But slowly I started noticing things that disturbed me. There seemed to be an especially strong trend in this church to treat women/girls as 2nd class citizens. I understand and agree that the Bible talks about different responsibilities that men and women have, but the extremes I was seeing made me very uncomfortable. I would push it to the side though as these beliefs didn’t seem to extend towards the pastor and so I chalked it up as just some people exposing their sinful, human side.
It got worse and worse as the time went on. And while pastor didn’t condone it, it became evident to me very quickly that he didn’t condemn it either. I would look at my girls and think, “Do I want them exposed to this?” And the answer kept coming back as a resounding NO.
The final straw for me was my wife. She worked for the school in this church as an assistant for the high school teacher. This meant she did whatever this high school teacher needed her to do. The high school teacher (who was actually the youth pastor) asked her to handle some subjects and he would handle others.
This didn’t sit well with a young teenage boy in the class, who had been taught by his father that he did not answer to women – despite the fact that he was a boy!! So this boy would be disruptive, get into trouble and the father would come and cause issues for my wife.
At one point, this father wanted to have a private discussion with just my wife. I then stepped in and called the youth pastor and said that isn’t going to happen. The youth pastor was my wife’s boss, he’d given her a job to do and if the father didn’t like it, he could take it up with the youth pastor and not my wife.
This last year, that boy’s sister was a senior in the high school and had fallen behind on many of her subjects. My wife tried to work with her but the girl was not very responsive. The father – who had issues with my wife doing anything with his boy – now blamed my wife completely for his daughters’ inability to get her work done. The Pastor’s response on this behavior? NOT. ONE. WORD.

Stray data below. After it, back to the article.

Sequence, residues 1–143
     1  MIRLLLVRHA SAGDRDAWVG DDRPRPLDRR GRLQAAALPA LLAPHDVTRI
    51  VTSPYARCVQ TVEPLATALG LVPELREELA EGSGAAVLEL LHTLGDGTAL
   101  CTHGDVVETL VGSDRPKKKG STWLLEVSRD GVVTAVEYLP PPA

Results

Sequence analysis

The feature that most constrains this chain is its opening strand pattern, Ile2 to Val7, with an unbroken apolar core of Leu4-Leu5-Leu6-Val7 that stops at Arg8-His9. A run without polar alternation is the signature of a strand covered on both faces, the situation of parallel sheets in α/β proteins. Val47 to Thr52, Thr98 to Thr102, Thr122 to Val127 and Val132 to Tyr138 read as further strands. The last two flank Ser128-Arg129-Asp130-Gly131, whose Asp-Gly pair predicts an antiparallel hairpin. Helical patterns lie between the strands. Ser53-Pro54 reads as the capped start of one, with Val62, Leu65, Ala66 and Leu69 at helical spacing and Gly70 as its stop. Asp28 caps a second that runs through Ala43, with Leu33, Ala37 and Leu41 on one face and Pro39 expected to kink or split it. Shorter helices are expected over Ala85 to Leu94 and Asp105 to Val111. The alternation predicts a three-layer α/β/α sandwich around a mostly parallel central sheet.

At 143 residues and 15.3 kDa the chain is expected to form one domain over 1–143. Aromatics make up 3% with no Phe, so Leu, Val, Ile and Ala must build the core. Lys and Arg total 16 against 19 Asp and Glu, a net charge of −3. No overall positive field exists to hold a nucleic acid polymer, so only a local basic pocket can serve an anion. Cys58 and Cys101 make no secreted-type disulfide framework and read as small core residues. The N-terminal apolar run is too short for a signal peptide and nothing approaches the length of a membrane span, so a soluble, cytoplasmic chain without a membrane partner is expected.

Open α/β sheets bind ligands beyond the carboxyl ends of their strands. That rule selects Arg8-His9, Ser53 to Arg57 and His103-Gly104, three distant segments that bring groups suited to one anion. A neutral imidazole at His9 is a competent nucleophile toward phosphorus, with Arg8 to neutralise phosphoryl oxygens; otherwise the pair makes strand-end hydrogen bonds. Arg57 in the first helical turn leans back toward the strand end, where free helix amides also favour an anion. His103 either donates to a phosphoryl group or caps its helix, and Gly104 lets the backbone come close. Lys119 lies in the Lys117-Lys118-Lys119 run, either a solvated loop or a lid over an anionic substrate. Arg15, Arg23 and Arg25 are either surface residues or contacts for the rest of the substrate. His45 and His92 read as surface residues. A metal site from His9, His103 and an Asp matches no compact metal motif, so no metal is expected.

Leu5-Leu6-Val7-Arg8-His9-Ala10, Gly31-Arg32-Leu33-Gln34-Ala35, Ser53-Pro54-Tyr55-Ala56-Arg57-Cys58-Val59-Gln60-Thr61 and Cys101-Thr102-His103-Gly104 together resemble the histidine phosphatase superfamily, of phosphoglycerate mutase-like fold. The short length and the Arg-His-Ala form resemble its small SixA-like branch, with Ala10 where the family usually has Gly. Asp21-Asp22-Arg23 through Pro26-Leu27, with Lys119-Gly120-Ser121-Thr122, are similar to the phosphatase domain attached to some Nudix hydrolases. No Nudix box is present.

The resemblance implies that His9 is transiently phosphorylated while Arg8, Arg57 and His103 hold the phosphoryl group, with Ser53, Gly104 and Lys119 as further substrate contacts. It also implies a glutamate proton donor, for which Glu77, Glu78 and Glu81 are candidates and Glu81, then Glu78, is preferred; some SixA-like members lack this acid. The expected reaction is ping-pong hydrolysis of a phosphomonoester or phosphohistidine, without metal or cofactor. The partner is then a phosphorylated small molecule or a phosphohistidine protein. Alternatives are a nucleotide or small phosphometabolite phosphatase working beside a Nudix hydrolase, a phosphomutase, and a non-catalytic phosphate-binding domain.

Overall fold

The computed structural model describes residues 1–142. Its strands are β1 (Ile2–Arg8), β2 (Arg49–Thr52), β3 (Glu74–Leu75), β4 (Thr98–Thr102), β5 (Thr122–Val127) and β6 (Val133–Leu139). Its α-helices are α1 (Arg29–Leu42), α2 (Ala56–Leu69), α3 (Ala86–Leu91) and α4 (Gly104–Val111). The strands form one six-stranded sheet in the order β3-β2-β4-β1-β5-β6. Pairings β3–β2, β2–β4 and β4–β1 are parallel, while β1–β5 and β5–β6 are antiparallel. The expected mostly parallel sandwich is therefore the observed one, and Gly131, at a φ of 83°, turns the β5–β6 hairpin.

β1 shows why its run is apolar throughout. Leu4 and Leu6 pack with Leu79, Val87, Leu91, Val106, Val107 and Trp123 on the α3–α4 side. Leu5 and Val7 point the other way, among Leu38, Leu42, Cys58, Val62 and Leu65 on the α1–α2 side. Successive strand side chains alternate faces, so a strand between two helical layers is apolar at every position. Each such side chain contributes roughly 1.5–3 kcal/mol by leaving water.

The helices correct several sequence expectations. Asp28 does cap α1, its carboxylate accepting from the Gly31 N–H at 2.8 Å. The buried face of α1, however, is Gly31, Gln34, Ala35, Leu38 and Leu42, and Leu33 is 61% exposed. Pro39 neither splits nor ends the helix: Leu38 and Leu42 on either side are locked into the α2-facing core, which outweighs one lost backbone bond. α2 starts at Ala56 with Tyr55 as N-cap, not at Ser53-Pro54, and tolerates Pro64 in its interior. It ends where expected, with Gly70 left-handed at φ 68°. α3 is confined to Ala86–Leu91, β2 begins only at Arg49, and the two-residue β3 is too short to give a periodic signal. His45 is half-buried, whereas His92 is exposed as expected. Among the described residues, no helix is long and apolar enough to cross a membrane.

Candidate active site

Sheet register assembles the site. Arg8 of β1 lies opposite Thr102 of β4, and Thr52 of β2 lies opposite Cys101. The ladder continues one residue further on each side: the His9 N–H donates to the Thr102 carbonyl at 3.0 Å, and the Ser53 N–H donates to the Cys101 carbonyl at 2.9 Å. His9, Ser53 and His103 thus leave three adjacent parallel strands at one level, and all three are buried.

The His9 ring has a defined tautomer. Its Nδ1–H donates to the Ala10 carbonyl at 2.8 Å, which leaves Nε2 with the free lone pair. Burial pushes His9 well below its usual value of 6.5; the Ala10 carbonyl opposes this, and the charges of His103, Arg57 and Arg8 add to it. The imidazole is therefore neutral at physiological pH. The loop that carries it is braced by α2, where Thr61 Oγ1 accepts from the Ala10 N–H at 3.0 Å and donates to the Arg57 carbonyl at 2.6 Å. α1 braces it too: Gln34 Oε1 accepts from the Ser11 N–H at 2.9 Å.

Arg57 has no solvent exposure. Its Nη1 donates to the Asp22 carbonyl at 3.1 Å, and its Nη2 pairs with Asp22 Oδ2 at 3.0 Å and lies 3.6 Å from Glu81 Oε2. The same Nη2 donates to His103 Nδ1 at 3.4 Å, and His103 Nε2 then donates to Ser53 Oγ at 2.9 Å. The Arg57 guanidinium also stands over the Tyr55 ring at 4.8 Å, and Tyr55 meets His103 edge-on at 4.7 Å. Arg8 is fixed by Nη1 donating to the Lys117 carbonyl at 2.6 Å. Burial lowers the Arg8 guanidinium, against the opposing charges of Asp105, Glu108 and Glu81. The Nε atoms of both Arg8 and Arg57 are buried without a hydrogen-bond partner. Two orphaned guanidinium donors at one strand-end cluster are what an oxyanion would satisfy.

My wife – who was born and raised in this faith and is probably the most spiritual person I’ve ever known – started becoming nauseous at the thought of even going to church. That was the final straw for me and we stopped going.
I am struggling with this, because like I said before I know that churches are filled with imperfect people. To me though, there is a big difference between being imperfect and striving for spiritual perfection and completely ignoring imperfections because you either don’t care or don’t feel they are wrong. While I understand that my earlier decision to not go to the Catholic church when I was in the Marines was done in haste and was a poor decision, I don’t feel like my decision to not go to this church was done for the same reasons.
My wife and I have taken the summer and have been doing services with the kids ourselves. I try to give them some sort of biblical lesson each Sunday. But I know that eventually we should consider looking for another church. I don’t think we can go back to the previous church unless or until their house gets in order. Finding another church frightens me though. While I am convinced of the truth of my faith and that faith clearly states that church membership is an expectation of God, I am no longer as convinced that any group, church or body of people are truly building the church of believers that God expects of us.
Is it arrogant of me to think I know more than older, more “learned” people in my faith? Probably. But I look at my little girls and I am determined that before I set my heart on another church that will become one of the spiritual guiding forces of my girls lives that it will and must be held to a higher standard than I’ve done in the past. God put my wife and I as the protectors of our girls both physically and spiritually and I am taking that job very, very seriously.